Private Consumption To Drive Moderately Stronger Growth

BMI View: Well-contained inflation and relatively low interest rates will see private consumption continue to strengthen in Guatemala in the coming months, underpinning our view for an uptick in real GDP growth to 3.4 % and 3.5% in 2013 and 2014 respectively, from 3.0% in 2012. That said, we believe that a weak outlook for the country's export sector, and a poor business environment, which will keep foreign investment limited, will prevent growth from rapidly accelerating over our forecast period.

We believe that strengthening private consumption will see real GDP growth in Guatemala tick up to 3.4% and 3.5% in 2013 and 2014 respectively, from 3.0% in 2012. However, we believe that growth will be capped by a weak outlook for the country's export sector, cooling foreign investment, and tighter fiscal policies. After sluggish real GDP growth of 2.4% year-on-year (y-o-y) in Q113 due to the harmful after-effects of a major earthquake in November 2012, economic activity has showed signs of accelerating in recent months, with low inflation and strong credit growth boosting household consumption. Indeed, Guatemala's seasonally-adjusted economic activity index rose to 4.0% y-o-y in June, the highest reading since October 2011. Although the Banco de Guatemala (Banguat) hiked the benchmark policy rate by 25 basis points (bps) to 5.25% in April 2013, private sector credit growth averaged 15.7% y-o-y expansion from May through July. Given our forecast for Banguat to hold the rate at 5.25% through end-2013 in order to spur the incipient strengthening of domestic demand, we expect credit growth to continue expanding in the coming months ( see 'Growing Upside Risks To Interest Rate View,' July 24).

We also expect that inflation will remain well-contained, allowing for a continued strengthening of consumers' purchasing power. Indeed, while growth in consumer prices has picked up slightly in recent months on the back of base effects and elevated livestock prices, our Agribusiness team believes that price pressures are unlikely to spike to the same extent as seen in 2008 and 2011 due to a regional shift towards consumption of poultry - less affected by higher feed prices - over beef ( see 'Livestock Outlook - Central America Q313,' July 1). As such, we forecast average inflation of 4.8% in both 2013 and 2014.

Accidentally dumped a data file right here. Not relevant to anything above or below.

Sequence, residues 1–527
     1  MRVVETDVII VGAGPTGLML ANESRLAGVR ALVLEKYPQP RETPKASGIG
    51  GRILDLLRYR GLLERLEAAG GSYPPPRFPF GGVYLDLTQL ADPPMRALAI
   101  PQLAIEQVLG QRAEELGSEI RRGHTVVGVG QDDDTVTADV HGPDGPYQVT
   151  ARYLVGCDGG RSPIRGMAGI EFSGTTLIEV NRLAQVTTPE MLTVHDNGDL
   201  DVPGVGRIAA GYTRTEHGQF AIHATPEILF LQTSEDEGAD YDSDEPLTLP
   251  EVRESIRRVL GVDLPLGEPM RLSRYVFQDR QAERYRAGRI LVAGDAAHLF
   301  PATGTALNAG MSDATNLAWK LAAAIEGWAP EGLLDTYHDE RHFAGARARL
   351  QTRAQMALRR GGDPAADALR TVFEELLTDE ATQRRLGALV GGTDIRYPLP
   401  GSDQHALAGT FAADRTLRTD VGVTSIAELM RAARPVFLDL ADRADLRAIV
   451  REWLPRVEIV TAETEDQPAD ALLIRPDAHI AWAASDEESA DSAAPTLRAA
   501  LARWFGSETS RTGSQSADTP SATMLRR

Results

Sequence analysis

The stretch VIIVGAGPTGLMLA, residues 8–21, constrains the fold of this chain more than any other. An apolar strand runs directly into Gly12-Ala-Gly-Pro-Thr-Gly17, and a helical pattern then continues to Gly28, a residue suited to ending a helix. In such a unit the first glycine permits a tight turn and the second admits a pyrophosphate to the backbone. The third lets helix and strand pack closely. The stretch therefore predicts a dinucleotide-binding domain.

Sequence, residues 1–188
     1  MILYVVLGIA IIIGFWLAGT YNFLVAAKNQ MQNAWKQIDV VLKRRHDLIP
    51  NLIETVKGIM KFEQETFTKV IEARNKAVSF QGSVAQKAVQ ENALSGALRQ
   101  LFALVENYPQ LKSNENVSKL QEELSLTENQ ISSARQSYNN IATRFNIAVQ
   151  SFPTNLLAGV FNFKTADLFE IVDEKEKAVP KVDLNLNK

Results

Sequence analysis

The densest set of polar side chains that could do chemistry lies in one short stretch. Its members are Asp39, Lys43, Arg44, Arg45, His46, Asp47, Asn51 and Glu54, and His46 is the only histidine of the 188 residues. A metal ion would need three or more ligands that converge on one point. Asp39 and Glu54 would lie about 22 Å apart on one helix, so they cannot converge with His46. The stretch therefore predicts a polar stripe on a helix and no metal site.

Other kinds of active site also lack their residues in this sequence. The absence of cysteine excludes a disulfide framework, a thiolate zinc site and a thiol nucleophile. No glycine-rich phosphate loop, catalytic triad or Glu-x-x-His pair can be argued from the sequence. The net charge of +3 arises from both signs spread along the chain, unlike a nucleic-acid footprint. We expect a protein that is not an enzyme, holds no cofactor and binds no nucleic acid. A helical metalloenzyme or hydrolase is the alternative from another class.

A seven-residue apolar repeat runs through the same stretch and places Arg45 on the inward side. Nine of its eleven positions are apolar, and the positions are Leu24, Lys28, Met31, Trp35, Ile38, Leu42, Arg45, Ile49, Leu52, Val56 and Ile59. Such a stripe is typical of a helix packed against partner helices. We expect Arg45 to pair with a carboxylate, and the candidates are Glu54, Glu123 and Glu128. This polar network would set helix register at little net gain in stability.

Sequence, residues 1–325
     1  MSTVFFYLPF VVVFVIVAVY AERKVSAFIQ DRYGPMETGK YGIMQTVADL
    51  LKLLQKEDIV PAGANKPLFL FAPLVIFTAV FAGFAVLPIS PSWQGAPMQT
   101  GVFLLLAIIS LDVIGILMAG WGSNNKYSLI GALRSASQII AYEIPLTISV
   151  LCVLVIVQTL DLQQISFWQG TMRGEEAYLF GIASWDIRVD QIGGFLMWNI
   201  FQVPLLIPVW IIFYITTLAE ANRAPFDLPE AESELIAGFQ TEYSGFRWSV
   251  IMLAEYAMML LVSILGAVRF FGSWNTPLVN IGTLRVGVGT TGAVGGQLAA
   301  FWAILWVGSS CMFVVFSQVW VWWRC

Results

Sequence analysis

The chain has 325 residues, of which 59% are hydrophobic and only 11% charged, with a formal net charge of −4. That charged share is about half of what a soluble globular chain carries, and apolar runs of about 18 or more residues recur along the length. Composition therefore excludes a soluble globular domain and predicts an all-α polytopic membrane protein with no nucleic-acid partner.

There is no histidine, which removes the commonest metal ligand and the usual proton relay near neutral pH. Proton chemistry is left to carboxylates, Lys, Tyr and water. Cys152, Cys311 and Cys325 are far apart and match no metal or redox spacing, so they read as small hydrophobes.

Growth Solidly Above 3.0%
Guatemala - GDP

Private Consumption To Drive Moderately Stronger Growth

BMI View: Well-contained inflation and relatively low interest rates will see private consumption continue to strengthen in Guatemala in the coming months, underpinning our view for an uptick in real GDP growth to 3.4 % and 3.5% in 2013 and 2014 respectively, from 3.0% in 2012. That said, we believe that a weak outlook for the country's export sector, and a poor business environment, which will keep foreign investment limited, will prevent growth from rapidly accelerating over our forecast period.

We believe that strengthening private consumption will see real GDP growth in Guatemala tick up to 3.4% and 3.5% in 2013 and 2014 respectively, from 3.0% in 2012. However, we believe that growth will be capped by a weak outlook for the country's export sector, cooling foreign investment, and tighter fiscal policies. After sluggish real GDP growth of 2.4% year-on-year (y-o-y) in Q113 due to the harmful after-effects of a major earthquake in November 2012, economic activity has showed signs of accelerating in recent months, with low inflation and strong credit growth boosting household consumption. Indeed, Guatemala's seasonally-adjusted economic activity index rose to 4.0% y-o-y in June, the highest reading since October 2011. Although the Banco de Guatemala (Banguat) hiked the benchmark policy rate by 25 basis points (bps) to 5.25% in April 2013, private sector credit growth averaged 15.7% y-o-y expansion from May through July. Given our forecast for Banguat to hold the rate at 5.25% through end-2013 in order to spur the incipient strengthening of domestic demand, we expect credit growth to continue expanding in the coming months ( see 'Growing Upside Risks To Interest Rate View,' July 24).

Growth Solidly Above 3.0%
Guatemala - GDP